A spirited performance of ‘Rinascerò’ in perfect Spanish sets a rollicking tone. And then we are to be treated to “the most beautiful love song by Jaques Brel.” In the absence of the professional dancers she was expecting, she decides to make do – it is theatre, it is magic, we can improvise. Two gents from the audience are asked to join her on stage, in the process of which we are shown that shouting instructions at people in German galvanises them quickly. These good sports then need to don masks, washing up gloves and black rubbish bags because of Covid and a string of illustrious gigs she rattles off for us to be impressed by. In their own time of course. Do they not dress themselves at home? Their role is to kneel and cling to her and stroke her leg from the knee down as she sings ‘Ne Me Quitte Pas’ in French and English with a couple of ‘impromptu’ tempo shifts.

Paul and James are then dismissed from the stage and we get, among other numbers, a fantastic version of George Benson’s ‘On Broadway’, the introduction of a hand held smoke machine hauled out of one of the shopping bags, Weill and Brecht’s ‘Surabaya Johnny’ and, to close the first act, an original piece: ‘In This City’. Sadly the trapeze fails to lower from above, so there is a quick regrouping and she decides to crowd surf instead. Which involves lots of organising and yelling in German at the middle-aged crowd who may have never been in a mosh pit in their lives and thought they had avoided it.  

By the interval I am sore from laughing, and so is everyone around me.

Act Two starts with every member of the orchestra entering stage right in turn and taking a bow. We cheer and clap to thank them for their complicity in this chaos and love how much they are clearly enjoying it too. Then with a huge fanfare, Meow Meow takes to the stage in a magnificent gold costume with a massive train. But it transpires that this needs to be forfeited to the rental company, so she has to remove it shielded by a cello.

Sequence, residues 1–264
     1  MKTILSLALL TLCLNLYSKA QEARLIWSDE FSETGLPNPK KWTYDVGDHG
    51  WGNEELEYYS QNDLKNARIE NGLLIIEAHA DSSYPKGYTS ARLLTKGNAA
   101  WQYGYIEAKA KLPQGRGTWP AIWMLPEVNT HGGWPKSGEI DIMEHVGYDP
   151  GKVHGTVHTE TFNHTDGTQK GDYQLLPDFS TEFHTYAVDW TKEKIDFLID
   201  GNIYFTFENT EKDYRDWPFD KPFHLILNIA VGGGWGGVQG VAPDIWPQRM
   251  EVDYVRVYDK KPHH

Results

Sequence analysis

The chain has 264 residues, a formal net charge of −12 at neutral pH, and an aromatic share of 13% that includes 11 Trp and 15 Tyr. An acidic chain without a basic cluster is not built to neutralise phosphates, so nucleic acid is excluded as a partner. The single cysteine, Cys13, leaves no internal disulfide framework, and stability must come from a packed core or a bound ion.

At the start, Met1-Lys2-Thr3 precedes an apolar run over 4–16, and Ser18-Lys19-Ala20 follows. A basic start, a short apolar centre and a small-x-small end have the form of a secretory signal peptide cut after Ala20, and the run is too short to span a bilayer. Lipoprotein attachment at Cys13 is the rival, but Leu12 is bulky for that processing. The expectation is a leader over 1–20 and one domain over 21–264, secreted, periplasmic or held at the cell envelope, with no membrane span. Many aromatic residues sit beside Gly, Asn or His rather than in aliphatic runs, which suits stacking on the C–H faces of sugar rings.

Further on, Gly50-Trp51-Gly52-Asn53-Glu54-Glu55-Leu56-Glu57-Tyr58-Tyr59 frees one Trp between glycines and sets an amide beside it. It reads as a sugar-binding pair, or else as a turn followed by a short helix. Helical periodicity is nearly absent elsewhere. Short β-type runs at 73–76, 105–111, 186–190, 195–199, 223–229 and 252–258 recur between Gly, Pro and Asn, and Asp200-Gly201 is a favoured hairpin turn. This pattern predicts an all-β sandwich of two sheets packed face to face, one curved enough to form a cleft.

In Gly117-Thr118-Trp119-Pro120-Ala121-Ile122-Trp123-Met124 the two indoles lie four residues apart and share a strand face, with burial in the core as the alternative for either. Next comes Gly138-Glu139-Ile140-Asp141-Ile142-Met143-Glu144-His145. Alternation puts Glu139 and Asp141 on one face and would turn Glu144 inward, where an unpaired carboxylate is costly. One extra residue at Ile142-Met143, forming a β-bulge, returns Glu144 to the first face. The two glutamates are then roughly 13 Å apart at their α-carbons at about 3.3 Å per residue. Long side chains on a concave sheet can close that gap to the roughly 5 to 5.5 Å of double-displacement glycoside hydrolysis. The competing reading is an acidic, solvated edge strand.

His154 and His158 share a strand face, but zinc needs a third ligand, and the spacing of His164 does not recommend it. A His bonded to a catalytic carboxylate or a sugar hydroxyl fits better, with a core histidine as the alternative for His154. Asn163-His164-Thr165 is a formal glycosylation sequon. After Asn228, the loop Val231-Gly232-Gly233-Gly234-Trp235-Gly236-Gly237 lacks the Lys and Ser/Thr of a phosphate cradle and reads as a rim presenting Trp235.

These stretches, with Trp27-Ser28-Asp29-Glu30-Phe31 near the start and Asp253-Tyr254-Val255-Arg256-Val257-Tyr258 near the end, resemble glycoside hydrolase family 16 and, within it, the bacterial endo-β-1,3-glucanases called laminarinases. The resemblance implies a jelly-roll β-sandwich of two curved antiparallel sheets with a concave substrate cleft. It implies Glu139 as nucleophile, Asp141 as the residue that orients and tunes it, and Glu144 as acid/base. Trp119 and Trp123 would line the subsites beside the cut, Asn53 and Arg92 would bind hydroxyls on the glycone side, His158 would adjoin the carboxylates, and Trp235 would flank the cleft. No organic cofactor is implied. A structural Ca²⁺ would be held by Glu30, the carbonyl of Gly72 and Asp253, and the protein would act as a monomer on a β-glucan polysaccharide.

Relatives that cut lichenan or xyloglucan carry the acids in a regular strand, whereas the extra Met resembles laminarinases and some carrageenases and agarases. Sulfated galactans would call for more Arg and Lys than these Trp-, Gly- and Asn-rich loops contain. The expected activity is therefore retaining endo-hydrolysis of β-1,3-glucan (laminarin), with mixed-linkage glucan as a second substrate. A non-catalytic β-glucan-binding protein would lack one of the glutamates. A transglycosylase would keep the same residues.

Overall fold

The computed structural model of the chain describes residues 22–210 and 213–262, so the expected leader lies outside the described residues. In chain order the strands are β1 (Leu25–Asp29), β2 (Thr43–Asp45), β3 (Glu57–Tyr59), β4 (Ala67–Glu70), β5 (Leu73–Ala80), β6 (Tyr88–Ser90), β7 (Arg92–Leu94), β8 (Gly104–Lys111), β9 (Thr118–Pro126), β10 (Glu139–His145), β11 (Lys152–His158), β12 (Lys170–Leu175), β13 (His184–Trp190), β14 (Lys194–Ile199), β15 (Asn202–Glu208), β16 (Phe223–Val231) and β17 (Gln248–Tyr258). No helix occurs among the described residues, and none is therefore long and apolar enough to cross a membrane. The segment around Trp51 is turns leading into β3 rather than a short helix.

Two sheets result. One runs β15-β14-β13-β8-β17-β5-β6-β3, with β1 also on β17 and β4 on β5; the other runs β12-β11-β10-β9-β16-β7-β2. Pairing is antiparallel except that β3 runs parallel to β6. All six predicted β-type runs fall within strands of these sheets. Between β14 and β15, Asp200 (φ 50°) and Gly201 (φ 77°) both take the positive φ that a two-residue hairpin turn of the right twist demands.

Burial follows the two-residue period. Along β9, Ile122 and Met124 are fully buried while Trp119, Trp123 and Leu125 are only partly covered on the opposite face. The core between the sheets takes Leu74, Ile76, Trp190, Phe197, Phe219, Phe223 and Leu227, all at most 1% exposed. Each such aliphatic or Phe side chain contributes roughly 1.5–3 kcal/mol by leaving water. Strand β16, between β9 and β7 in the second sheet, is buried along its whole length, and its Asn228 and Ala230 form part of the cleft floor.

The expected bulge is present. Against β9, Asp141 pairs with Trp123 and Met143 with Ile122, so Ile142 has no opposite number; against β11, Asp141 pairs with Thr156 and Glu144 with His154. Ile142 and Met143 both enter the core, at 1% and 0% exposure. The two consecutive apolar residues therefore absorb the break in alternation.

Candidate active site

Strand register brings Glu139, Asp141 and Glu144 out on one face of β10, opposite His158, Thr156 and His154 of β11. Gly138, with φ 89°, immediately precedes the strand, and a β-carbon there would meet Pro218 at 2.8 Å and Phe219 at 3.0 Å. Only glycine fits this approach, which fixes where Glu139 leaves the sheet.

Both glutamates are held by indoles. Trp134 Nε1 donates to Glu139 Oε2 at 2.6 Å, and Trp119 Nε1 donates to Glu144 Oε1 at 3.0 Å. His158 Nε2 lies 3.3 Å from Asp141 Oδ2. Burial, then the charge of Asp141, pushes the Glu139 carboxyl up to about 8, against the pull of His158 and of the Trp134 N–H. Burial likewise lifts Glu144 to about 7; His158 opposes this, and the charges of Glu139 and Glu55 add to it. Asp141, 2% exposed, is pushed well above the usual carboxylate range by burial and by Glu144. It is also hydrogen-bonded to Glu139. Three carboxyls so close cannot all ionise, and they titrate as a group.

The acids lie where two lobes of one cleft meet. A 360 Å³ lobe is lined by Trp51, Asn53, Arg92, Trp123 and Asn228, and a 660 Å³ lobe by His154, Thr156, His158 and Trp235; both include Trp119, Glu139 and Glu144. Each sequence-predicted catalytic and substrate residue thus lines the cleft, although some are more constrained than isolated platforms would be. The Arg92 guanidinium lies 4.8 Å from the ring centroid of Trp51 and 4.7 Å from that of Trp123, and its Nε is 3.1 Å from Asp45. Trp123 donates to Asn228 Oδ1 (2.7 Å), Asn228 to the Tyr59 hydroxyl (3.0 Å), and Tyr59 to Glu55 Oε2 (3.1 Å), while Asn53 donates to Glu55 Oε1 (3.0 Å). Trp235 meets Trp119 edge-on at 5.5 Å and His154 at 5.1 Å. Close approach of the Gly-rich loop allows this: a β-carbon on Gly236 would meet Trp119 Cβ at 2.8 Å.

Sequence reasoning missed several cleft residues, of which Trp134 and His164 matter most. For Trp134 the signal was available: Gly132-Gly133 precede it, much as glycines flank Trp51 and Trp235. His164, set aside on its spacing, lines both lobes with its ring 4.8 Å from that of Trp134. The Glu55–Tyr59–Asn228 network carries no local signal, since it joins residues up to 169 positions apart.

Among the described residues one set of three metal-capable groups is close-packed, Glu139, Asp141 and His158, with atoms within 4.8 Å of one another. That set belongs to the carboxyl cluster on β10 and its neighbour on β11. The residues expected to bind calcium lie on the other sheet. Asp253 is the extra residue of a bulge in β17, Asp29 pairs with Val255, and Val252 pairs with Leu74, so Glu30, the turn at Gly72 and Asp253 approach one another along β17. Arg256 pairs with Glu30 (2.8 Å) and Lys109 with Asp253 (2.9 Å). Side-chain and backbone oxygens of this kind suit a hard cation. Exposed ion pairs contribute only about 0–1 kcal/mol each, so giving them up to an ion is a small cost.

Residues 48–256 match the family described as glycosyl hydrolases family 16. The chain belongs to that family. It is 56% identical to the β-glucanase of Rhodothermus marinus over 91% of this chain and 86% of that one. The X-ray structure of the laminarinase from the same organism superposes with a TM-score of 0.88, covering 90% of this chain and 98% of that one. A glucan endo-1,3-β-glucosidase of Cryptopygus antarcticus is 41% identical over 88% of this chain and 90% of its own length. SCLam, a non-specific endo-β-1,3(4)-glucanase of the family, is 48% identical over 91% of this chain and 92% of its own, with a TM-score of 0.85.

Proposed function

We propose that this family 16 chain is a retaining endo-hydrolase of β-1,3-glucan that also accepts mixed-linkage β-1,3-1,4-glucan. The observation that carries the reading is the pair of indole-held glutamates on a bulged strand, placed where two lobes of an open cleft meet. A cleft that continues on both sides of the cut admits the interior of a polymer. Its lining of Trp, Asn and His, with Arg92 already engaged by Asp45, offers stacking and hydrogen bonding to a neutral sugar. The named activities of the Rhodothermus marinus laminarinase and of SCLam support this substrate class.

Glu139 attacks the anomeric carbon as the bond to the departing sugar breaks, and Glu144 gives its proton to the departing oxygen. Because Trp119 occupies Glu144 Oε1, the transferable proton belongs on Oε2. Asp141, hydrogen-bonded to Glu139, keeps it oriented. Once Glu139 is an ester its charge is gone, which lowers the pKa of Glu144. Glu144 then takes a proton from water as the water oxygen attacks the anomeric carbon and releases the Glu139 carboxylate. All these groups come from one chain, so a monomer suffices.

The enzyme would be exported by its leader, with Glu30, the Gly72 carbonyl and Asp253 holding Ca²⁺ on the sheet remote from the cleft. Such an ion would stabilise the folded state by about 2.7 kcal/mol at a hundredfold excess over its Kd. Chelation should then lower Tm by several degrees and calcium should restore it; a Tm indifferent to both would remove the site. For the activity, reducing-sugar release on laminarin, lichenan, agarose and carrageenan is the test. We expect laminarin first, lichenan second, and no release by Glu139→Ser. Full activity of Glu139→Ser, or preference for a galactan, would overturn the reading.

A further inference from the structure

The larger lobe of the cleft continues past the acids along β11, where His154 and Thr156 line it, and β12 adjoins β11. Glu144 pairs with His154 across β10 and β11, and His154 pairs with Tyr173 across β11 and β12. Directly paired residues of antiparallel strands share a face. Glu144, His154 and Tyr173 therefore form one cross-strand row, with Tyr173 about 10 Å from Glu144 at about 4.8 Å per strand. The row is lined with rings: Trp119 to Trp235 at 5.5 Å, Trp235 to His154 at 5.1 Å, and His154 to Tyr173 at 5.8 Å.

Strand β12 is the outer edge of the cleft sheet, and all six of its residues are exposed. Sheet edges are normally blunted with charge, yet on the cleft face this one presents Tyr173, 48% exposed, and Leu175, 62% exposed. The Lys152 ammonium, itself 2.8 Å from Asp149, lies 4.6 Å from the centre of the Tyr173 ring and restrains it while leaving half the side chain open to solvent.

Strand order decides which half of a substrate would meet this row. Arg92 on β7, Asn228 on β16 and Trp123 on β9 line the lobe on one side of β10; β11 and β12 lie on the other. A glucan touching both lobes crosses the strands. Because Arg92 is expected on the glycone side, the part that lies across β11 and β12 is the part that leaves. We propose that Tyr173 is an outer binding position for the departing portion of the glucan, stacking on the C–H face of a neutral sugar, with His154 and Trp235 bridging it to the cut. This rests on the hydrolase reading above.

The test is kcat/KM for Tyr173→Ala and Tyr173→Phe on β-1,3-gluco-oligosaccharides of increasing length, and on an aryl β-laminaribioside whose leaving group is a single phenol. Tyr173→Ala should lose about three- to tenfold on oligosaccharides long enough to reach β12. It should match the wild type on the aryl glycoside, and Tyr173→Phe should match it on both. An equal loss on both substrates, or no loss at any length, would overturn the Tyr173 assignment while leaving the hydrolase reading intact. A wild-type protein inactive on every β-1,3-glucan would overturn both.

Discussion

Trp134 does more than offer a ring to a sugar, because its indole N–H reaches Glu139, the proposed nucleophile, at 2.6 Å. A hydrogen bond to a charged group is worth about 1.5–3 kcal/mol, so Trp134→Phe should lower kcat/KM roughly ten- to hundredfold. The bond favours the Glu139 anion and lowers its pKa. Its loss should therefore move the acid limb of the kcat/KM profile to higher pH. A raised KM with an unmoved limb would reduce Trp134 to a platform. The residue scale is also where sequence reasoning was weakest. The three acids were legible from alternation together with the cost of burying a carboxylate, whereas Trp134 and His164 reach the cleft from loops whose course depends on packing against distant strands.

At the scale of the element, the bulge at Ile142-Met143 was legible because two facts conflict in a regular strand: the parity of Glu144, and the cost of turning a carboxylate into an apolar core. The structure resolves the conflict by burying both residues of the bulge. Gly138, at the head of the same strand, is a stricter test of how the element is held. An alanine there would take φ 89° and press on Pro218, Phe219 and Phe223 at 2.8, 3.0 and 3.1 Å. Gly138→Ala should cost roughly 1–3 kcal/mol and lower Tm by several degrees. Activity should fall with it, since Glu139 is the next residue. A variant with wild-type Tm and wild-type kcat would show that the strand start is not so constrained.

Look, I can’t keep recreating this show, although the opportunity to do so, given there is no spoiler issue with a one off show, is so irresistible. I just want to give a sense of the relentlessly funny building of business upon business that creates pay off after payoff. This is a masterclass in physical comedy, even though she claims frequently, “My work is all about the text.”

In all of this, the fact that she ends up in a fairly simple white petticoat for most of the second act speaks for her ability to hold us enthralled without any need for sequins. Her rendition of Amanda Palmer’s ‘Missed Me’, Radiohead’s ‘Fake Plastic Trees’, an original piece ‘Tear Down the Stars’ performed on a tiny revolving disc turned by a crew member (because there is no revolving stage so they have to improvise) and Patty Griffin’s ‘Be Careful’ all bring a whimsical feel and a chance to really enjoy her vocal talents. These are interspersed with the chaos of the “Contractually Required Burlesque Number,” ‘Itsy Bitsy Teeny Weeny Yello Polka Dot Bikini’, and a few more numbers with audience participation, all perfectly sung and played of course.

Meow Meow is a fantastic singer. Really fantastic. She doesn’t need all the shenanigans to mitigate her vocal performances. She just chooses to offer this incredible sauce on top a delicious pudding. And the two form a dish of rare delight. Her material speaks of love and longing as much as it does of the political landscape that makes her Weimar material scarily relevant to our times.

The whole show is really a triumph over endless disappointments, and so is underscored by hope. While playing the fool, she also shows us that imperfection is our greatest strength and we can achieve anything with hard work, humour, working together, and a well-packed set of tote bags.

And possibly, with Meow Meow as President of the World. I’d vote for her.